system (Akataki et al. 1996). Akataki et al. (1999) also conducted an interesting investigation of the factors that can cause the plateau or decrease in MMG amplitude at high isometric force levels. Specifically, the authors (Akataki et al. 1999) used a spectral decomposition procedure to remove the longitudinal muscle fiber vibrations from the MMG signal. Their hypothesis was that MMG signals from pennate muscles are affected by longitudinal and lateral muscle fiber vibrations, and the longitudinal vibrations could be estimated by placing an MMG sensor over the patella. The vibration signal from the patella would then be used in the spectral decomposition procedure to remove the longitudinal vibrations from the MMG signal. Interestingly, the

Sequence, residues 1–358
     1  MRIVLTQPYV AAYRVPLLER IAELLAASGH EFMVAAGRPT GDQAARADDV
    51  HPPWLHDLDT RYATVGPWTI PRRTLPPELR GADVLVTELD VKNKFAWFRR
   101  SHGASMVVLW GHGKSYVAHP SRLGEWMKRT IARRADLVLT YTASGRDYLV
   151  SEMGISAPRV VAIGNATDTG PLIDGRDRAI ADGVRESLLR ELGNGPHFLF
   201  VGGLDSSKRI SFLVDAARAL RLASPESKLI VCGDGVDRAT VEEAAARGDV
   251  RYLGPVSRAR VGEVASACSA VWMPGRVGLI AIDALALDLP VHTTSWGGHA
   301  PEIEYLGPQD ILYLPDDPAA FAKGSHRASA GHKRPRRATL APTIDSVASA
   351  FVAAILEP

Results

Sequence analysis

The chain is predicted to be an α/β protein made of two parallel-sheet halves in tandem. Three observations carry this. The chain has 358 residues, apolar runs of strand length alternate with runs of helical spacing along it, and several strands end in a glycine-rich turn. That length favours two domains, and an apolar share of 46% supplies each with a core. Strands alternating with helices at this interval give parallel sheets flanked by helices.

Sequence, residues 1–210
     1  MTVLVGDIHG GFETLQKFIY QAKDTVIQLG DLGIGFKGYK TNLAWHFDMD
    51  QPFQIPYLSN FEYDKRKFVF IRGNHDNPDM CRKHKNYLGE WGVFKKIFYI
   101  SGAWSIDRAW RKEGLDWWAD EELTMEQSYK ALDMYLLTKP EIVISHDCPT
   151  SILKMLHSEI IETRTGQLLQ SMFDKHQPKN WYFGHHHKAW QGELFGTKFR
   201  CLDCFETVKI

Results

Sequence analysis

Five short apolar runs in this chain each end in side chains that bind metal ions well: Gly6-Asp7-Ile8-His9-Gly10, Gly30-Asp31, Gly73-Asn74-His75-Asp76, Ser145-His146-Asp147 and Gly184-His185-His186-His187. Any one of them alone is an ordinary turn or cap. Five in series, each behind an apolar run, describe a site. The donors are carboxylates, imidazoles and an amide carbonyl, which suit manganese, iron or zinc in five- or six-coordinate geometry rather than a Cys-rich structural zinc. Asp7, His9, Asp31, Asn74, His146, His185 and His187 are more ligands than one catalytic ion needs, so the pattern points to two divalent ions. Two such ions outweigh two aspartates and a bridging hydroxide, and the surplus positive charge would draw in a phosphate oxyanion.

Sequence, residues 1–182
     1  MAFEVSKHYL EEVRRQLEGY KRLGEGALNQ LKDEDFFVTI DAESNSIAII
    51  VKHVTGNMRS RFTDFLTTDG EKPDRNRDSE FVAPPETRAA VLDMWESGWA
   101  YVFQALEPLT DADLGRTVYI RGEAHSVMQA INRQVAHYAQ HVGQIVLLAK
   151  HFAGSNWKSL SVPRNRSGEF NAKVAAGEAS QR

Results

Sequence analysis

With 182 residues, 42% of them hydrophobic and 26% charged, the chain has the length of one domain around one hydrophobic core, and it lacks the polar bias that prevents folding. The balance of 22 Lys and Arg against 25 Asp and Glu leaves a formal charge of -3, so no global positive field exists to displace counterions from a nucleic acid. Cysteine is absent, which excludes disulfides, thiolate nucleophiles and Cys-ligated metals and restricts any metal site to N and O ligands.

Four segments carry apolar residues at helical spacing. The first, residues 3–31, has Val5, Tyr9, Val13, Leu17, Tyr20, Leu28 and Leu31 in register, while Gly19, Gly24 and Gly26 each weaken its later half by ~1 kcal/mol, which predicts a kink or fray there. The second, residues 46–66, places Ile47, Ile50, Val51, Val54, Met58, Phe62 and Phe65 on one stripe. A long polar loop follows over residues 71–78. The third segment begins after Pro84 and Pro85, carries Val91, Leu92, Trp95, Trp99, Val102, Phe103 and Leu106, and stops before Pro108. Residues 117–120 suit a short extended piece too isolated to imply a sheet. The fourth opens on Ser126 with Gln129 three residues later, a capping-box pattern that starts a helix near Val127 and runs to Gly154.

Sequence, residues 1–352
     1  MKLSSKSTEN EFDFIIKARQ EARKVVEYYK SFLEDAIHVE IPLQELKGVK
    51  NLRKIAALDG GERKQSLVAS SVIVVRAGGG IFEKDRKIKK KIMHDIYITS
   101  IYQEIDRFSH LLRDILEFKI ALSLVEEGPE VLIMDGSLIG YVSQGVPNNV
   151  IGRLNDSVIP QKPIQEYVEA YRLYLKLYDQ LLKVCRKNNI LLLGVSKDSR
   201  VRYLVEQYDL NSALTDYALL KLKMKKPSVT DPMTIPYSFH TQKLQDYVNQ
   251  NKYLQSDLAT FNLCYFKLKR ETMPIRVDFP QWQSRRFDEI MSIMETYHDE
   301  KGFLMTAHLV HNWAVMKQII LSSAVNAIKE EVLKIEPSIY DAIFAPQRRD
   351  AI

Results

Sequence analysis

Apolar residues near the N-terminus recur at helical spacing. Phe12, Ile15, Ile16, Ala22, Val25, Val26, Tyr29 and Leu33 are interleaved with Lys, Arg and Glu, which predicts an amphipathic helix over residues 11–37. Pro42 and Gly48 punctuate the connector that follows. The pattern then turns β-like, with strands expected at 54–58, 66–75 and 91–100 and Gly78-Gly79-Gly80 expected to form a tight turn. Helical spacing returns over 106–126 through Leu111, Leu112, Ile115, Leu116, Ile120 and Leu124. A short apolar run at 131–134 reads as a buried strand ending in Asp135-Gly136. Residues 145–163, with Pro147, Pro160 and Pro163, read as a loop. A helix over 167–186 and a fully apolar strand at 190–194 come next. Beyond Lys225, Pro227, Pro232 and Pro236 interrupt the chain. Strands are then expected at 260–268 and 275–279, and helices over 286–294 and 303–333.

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authors (Akataki et al. 1999) found that when the longitudinal vibrations were not removed from the MMG signal, 4 of the 12 subjects did not show a decrease in MMG amplitude at high force levels, while the remaining 8 subjects demonstrated a decrease in MMG amplitude for force levels above 70% MVC. When the spectral decomposition procedure was used to remove the longitudinal vibrations, however, all 12 subjects showed a decrease in MMG amplitude above 70% MVC. Thus, it was suggested that when subjects do not demonstrate a plateau or decrease in MMG amplitude at high force levels, the continued increases in MMG amplitude may be due to the influence of longitudinal vibrations on the MMG signal (Akataki et al. 1999). In addition, Orizio et al. (1994) examined the effects of hypoxia on the MMG amplitude and MPF versus isometric force relationships for the biceps brachii muscle. Specifically, the authors (Orizio et al. 1994) recorded MMG signals from the biceps brachii muscle at 20%, 40%, 60%, 80%, and 100% MVC at 150 meters above sea level, as well as after 2, 15, and 40 days of exposure to an altitude of 5,050 meters above sea level (i.e., to induce hypoxia). The results showed that exposure to the high altitude condition had no effect on the patterns of responses for MMG amplitude and MPF versus force. Specifically, MMG amplitude increased with force from 20% to 60% MVC, followed by a decrease from 60% to 100% MVC. In addition, MMG MPF increased with force from 20% to 100% MVC. Thus, it was suggested (Orizio et al. 1994) that both acute and chronic exposure to high altitude did not affect the motor control strategy (as reflected in the patterns of responses for MMG amplitude and MPF) used by the biceps brachii to increase isometric force production. In addition, Esposito et al. (1996) used the MMG amplitude and MPF versus isometric force relationships to examine the influence of aging on the motor control strategy used by the biceps brachii to increase isometric force production. Specifically, the authors (Esposito et al. 1996) investigated the MMG amplitude and MPF versus isometric force relationships for the biceps brachii in young (age range = 20-34 years) and elderly (age range = 65-78 years) subjects. The results indicated that the young and elderly subjects showed similar patterns of responses for both MMG amplitude and MPF versus force. The mean MMG amplitude and MPF values for the elderly subjects were always lower, however, than those of the young subjects. Thus, it was hypothesized (Esposito et al. 1996) that the lower mean absolute MMG amplitude and MPF values for the elderly subjects may have been due to a loss of fast-twitch muscle fibers with aging. It was also suggested, however, that a thicker skinfold layer in the elderly subjects may have filtered the MMG signals to a greater extent than those for the young subjects (Esposito et al. 1996). Ebersole et al. (1999) also conducted a very interesting study that examined the influence of changes in knee joint angle on the patterns of